Finn's piano recital was Monday night.  He played "Rudolph, the Red-Nosed Reindeer" (cute and always a crowd-pleaser), Tchaikovsky's "Dance of the Sugar Plum Fairies" (a duet with his teacher), and "Carol of the Bells."  He played flawlessly.  I don't know how he does it, really. The funny thing was, his teacher had just finished playing a commanding duet and she still had adrenaline coursing through her body, and she actually messed up on her duet with Finn!  So they played the song a second time.  She apologized later, but I told her all of her students probably really appreciated realizing that even a professional can suffer from an overdose of adrenaline from time to time.

I appreciated realizing it, too! 

Tuesday, December 12, 2017

A Cold and Busy Week

Oh it is getting cold, cold, cold here. My husband reports that tonight it'll be 15 degrees, and we got our first few inches of snow over the weekend.  I realize this isn't cold if you live in, say, Finland.  But it's cold enough for me.

This is the Busy Week: the pinnacle of December.  It started with violin recital on Sunday, moved to piano recital last night, continues on with a full week of normal lessons (art, ballet),  hosting friends on Thursday, a meeting on Thursday night, a Christmas program to attend on Friday night, my sister's birthday to host on Saturday, and our church Christmas play (which my husband writes, directs, and acts in every year, and our children act in as well) on Sunday night.  Somewhere in there I must clean out the fridge, send out Christmas cards, continue ticking off the baking, run lines with Finn b/c he has the main part in the play, wrap my sister's birthday gifts, acquire sushi rice (don't ask!), buy nylon strings for the guitar........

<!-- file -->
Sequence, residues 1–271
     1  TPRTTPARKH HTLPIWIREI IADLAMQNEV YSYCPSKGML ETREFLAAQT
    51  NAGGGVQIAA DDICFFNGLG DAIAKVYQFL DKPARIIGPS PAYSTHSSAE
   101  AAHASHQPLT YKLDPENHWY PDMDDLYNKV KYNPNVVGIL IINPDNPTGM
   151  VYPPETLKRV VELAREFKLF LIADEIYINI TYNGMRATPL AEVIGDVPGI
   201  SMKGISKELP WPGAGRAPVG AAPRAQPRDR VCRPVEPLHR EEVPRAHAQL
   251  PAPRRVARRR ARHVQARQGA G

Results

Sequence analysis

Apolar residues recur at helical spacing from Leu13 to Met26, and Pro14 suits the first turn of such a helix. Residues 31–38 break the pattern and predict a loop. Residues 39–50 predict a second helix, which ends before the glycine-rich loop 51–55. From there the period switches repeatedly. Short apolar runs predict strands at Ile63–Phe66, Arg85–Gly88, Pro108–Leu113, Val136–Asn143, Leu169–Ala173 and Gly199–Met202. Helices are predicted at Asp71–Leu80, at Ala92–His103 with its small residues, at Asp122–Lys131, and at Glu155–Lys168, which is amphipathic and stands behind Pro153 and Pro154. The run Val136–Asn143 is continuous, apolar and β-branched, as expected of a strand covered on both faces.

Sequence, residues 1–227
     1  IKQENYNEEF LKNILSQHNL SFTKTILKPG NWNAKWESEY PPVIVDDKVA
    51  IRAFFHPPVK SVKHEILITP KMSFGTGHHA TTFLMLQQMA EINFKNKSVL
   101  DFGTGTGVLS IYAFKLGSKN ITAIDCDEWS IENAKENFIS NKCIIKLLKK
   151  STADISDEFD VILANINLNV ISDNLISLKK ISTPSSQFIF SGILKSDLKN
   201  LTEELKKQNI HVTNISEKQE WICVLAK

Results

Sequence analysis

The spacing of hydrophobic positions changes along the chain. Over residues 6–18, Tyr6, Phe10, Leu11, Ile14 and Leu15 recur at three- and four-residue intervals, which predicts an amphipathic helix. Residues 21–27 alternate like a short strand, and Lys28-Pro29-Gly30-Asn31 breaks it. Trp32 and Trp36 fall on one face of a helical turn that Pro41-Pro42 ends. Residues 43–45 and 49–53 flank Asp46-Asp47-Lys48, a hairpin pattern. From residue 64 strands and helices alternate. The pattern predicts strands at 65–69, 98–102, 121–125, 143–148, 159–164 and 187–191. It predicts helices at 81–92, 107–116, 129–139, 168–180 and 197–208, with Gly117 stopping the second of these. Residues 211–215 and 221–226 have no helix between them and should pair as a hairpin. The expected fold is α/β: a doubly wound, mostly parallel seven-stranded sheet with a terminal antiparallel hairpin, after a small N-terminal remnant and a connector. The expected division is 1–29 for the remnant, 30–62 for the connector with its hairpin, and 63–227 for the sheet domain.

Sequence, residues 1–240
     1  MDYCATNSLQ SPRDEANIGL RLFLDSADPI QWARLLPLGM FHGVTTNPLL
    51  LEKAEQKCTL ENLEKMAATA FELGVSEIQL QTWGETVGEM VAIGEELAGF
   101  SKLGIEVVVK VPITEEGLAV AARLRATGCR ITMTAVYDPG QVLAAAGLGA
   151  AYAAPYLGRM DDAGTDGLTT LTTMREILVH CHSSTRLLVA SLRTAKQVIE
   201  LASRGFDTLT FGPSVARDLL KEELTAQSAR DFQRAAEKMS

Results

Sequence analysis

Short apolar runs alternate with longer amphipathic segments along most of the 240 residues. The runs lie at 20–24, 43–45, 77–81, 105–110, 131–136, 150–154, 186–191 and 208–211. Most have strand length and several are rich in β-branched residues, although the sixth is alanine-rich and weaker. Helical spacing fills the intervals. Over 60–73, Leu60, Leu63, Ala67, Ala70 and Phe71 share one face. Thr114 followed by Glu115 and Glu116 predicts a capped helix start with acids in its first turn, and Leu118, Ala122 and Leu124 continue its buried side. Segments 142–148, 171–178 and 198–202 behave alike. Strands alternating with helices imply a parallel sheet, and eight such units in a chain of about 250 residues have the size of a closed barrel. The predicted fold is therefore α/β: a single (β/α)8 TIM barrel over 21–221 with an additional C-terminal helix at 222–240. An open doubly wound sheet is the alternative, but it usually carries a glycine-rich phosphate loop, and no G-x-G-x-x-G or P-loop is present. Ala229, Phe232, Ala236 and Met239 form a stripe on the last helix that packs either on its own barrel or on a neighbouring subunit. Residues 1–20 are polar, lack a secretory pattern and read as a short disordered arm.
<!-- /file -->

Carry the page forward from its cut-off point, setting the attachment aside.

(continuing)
I have visions of curling up next week by the tree with a cup of peppermint mocha coffee and a blanket and a book and Alice {she's the cat} but I have to jump through a thousand other hoops first. 

Still, it's a beautiful and wonderful time of year. 

Tuesday, December 5, 2017

Ten Thousand Hours

Finn told me today that he read that it takes 10,000 dedicated, deliberate hours practicing an instrument to reach expert level.  I had read the same statistic recently, and told him I know, and that's why I'm keeping track of my practice times.  "Only 9,970 hours or so left for me!"  I said.  He cracked up.

At the rate of practicing one hour per day I'll reach virtuoso level at the age of 68.

  I'm on my way!